The Kremlin and President Vladimir Putin are yet to comment on the incident.
Route of plane before crash
Based on the information provided by the Russian civil aviation authority, the plane - thought to have been carrying Yevgeny Prigozhin - was heading from Moscow to St Petersburg.
It then crashed near the village of Kuzhenkino, in the Tver region, 160 miles north of Moscow, Russia's emergency situations ministry said.
Signal to the jet was lost in a remote area without nearby airfields suitable for a safe landing.
In numbers: 18 months of the war
Today marks 18 months since Russia invaded Ukraine on 24 February, 2022.
Here we take a look at the impact of the war in numbers: the lives lost, the territory taken and the people displaced.
More details emerge on what happened following plane crash
Residents in Russia's Tver region have described the immediate aftermath of yesterday's plane crash, believed to have killed Yevgeny Prigozhin.
Villagers said they heard a bang and then saw the jet plummeting to the ground.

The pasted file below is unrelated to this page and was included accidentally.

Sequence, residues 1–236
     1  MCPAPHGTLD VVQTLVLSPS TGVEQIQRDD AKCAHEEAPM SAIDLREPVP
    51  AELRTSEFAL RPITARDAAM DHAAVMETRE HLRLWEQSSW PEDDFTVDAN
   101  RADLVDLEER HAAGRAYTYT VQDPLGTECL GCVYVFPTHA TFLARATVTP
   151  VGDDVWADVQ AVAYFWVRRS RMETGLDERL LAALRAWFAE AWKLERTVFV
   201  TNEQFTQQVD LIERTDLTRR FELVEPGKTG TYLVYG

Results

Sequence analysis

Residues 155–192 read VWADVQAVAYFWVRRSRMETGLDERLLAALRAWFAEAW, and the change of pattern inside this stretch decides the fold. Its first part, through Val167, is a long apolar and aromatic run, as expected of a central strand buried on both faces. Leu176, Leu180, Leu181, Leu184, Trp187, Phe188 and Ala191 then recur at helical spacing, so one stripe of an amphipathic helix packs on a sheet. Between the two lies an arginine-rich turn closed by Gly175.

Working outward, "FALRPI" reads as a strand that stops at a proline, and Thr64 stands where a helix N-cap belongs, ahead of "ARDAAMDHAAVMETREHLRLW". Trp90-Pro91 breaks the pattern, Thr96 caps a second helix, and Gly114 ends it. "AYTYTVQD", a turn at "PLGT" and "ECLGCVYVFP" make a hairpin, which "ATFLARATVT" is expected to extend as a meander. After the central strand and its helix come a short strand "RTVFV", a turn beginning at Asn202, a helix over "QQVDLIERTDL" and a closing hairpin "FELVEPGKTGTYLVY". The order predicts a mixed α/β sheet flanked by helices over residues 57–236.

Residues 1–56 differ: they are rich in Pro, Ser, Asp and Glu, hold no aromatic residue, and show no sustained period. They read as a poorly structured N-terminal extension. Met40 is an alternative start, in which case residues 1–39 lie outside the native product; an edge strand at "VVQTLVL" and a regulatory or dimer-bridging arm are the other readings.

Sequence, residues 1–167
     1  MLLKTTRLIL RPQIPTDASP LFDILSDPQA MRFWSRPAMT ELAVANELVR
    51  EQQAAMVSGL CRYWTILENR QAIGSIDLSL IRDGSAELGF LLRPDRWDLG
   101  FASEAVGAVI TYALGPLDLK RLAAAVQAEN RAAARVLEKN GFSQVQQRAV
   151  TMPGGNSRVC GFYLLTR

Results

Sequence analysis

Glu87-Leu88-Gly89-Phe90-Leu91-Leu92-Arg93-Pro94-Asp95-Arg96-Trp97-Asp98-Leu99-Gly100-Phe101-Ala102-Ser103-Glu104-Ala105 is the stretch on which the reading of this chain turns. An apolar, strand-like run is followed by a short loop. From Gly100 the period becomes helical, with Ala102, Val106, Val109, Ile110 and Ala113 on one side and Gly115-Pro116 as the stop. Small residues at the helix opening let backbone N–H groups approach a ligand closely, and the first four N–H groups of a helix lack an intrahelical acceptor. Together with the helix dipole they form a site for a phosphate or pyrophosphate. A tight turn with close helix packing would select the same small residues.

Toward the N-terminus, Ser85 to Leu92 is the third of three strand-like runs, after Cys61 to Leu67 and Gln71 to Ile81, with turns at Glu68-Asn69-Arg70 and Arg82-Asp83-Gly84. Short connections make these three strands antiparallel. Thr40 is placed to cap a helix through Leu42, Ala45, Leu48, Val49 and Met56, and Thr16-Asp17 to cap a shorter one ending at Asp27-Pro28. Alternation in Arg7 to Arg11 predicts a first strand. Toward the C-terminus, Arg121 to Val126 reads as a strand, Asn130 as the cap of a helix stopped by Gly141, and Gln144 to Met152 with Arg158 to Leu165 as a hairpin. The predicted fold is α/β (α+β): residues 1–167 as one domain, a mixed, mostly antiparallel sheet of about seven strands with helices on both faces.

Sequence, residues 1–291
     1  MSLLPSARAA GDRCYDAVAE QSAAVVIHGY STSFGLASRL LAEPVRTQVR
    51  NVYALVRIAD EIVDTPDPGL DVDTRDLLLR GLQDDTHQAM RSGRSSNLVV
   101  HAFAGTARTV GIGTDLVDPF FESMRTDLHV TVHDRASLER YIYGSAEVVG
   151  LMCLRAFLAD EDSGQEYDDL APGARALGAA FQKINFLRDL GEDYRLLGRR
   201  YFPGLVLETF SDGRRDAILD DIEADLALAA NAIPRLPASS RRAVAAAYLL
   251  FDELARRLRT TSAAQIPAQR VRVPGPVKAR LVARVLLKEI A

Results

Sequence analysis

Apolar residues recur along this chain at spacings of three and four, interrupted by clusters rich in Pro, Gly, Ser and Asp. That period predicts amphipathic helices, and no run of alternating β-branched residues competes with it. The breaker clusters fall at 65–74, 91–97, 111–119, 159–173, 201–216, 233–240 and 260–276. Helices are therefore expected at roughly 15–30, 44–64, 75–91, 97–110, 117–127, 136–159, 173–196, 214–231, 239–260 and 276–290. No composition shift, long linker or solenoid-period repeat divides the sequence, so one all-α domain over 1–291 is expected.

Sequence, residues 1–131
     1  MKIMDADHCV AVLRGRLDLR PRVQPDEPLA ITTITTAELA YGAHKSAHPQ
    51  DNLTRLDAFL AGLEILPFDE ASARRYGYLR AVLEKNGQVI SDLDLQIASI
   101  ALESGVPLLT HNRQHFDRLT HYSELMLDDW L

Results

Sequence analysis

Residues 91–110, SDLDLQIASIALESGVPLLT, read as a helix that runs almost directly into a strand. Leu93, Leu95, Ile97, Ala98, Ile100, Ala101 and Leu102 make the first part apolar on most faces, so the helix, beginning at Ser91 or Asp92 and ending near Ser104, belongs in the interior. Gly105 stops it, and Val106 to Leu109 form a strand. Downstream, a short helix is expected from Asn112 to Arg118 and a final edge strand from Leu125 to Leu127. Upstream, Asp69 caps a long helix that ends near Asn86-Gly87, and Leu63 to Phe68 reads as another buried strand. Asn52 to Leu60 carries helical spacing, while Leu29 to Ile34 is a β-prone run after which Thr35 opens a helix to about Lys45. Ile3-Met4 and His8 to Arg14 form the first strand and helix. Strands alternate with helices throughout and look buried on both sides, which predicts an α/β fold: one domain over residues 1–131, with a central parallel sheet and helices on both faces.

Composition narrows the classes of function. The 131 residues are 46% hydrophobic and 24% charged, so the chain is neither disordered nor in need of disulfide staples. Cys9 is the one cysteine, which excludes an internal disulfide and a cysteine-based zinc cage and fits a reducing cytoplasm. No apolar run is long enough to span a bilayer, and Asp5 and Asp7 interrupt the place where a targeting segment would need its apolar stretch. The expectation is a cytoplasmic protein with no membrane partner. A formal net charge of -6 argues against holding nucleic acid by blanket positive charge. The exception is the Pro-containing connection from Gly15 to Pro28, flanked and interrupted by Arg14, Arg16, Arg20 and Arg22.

One resident, Vitaly Stepenok, 72, said: "I hear an explosion or a bang. Usually, if an explosion happens on the ground then you get an echo, but it was just a bang and I looked up and saw white smoke."
"One wing flew off in one direction and the fuselage went like that," he said, gesturing with his arms to show how the plane headed down towards the ground.
"And then it glided down on one wing. It didn't nose-dive, it was gliding."
Mr Stepenok said he jumped on his bike and headed to the site.
"Everything was on fire. People were walking around. They dragged someone out, their remains... I couldn't make it out. I just saw the number on the plane, which I told them, and that was it."
Another villager, who gave his name as Anatoly, said: "In terms of what might have happened, I'll just say this: it wasn't thunder, it was a metallic bang - let's put it that way. I've heard things like that before."